Peter Howard Wertheim
RIO DE JANEIRO, Sept. 25 -- Venezuelan and Iranian officials on Sept. 17 signed a series of accords, including deals to develop oil fields, build factories, and set up a $2 billion investment fund to finance the projects.
The agreement is part of Venezuela's 24-year, heavy oil development plan during 2006-30 centered within the Orinoco Oil Belt, with an extension of some 210 sq miles. The Orinoco Belt is south of Guárico, Anzoátegui, and Monagas states.
PDVSA estimates that the Orinoco Belt area contains 235 billion bbl of crude. The country currently reports reserves of 81 billion bbl, including Orinoco reserves of 36 billion bbl.
"We are in a program that should wrap up in November 2008," PDVSA Pres. Rafael Ramirez Ramirez said.
On Sept. 18, Iranian President Mahmoud Ahmadinejad and Venezuela's President Hugo Chavez witnessed the initial drilling of a well in an Anzoategui State field to certify reserves. Iranian company Petropars Ltd. is participating as the major partner in that field's development on Ayacucho Block 7, which extends for 500 sq km. Initial studies had indicated the existence of 31.2 million bbl of original oil in place, of which Petropars expects to recover at least 20%, or about 6 million bbl.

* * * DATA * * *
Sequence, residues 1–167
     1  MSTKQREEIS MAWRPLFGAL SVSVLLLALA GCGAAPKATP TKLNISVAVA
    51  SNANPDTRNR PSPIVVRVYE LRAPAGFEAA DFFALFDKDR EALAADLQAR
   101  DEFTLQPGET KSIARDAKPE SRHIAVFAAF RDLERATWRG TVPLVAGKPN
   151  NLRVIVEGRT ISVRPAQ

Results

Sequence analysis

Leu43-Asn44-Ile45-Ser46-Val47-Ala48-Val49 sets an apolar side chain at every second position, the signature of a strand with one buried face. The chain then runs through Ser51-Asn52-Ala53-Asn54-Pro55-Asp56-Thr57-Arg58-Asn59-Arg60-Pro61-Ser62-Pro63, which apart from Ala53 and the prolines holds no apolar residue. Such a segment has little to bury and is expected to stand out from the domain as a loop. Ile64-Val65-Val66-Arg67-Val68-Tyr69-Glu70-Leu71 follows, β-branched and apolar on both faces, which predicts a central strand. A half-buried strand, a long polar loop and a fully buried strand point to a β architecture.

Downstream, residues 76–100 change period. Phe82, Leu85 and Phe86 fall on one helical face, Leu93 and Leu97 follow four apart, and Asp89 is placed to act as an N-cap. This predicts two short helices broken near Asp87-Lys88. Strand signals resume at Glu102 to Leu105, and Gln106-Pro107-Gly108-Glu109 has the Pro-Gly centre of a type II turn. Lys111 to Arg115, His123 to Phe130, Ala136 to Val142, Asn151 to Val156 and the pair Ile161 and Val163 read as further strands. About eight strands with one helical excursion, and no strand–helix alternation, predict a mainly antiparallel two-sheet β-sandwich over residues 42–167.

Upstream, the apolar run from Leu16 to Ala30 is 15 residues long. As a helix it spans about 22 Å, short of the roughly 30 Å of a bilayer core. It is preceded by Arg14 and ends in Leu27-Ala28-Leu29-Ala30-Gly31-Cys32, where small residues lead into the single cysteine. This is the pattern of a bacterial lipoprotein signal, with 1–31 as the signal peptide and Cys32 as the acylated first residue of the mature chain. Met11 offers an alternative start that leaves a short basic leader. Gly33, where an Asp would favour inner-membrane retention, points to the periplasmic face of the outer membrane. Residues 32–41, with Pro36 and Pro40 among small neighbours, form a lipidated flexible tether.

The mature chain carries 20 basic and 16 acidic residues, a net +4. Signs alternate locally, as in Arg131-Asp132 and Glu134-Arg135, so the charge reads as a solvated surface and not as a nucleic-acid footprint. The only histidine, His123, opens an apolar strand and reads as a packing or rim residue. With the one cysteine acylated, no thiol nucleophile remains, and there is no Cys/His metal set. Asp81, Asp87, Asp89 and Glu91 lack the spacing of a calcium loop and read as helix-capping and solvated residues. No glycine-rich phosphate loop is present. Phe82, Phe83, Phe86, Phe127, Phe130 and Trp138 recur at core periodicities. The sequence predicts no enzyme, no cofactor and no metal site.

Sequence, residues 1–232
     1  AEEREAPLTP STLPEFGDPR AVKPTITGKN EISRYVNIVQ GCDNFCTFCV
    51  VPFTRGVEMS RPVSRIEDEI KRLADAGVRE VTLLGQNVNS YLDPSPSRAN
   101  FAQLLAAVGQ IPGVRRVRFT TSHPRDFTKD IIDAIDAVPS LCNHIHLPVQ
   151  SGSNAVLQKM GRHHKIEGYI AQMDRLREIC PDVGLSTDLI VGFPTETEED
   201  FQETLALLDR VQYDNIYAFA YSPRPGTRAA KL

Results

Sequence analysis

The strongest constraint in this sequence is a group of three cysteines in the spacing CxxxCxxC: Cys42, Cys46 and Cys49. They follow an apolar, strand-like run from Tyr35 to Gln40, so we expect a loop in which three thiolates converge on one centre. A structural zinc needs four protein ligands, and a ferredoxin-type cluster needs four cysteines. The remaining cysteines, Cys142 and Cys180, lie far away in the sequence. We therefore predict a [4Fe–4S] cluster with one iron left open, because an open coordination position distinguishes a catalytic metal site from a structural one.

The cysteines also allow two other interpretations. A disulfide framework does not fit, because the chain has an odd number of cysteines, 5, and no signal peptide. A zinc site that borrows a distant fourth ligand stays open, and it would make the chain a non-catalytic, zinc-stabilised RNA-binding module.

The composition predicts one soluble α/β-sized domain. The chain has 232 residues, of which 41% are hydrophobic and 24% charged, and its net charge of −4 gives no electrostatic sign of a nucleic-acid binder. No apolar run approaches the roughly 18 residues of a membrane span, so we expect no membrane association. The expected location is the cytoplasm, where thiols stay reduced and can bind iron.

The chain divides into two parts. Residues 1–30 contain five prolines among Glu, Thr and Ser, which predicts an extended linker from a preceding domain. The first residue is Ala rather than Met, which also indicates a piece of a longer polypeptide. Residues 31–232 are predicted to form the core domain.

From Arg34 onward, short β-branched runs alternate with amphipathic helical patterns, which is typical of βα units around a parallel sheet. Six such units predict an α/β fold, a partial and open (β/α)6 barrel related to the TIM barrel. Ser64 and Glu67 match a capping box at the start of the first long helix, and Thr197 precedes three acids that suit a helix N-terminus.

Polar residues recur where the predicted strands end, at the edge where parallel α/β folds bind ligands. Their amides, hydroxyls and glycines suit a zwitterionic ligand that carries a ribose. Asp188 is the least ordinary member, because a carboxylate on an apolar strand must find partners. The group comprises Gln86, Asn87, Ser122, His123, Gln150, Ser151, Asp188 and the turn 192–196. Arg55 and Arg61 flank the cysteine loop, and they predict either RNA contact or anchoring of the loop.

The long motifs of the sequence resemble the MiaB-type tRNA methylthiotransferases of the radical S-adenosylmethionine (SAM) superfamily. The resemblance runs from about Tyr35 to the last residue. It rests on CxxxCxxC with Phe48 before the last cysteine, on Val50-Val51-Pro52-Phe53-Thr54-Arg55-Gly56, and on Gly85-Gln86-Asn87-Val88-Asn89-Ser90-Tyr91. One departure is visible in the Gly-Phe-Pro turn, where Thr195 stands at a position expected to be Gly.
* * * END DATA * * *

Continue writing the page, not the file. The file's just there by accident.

Petropars' well MFK-4E is located about 125 km from San Tomé. PDVSA has invested $1 million in drilling well PDV No. 2, which will quantify reserves.
With the drilling of these two first wells under the Orinoco Magna Reserve Project, Venezuela began the process of quantifying and certifying its Orinoco Belt oil reserves on Sept. 21.
The extensive Orinoco Oil Belt is divided into 27 blocks within four areas—Carobobo, Ayacucho, Junin, and Boyaca (see map, OGJ, Nov. 21, 2005, p. 54). PDVSA is certifying these blocks alone or in partnership with overseas companies.
In contrast to past policy, the country will exploit the Orinoco Belt oil in joint ventures with many international oil companies. Foreign oil companies currently working in the Orinoco Belt areas include ExxonMobil Corp., ConocoPhillips, BP PLC, Total SA, Statoil ASA, and Chevron Corp.
In participating in Venezuela's energy development, Petropars joins international companies such as Uruguay's state oil firm Administration Nacional de Combustibles, Alcohol y Portland, Russia's OAO Gazprom, Repsol YPF SA of Spain, Brazil's state-owned Petroleo Brasileiro SA, Argentina's Energía Argentina SA, China's state-owned China National Petroleum Corp., India's Oil & Natural Gas Corp., and Belorusneft Production Association of Belarus.
Venezuela recently reassured foreign oil firms that they could keep majority stakes in Orinoco heavy-crude upgrading projects but reiterated that the state would control upstream work with a stake of at least 51%.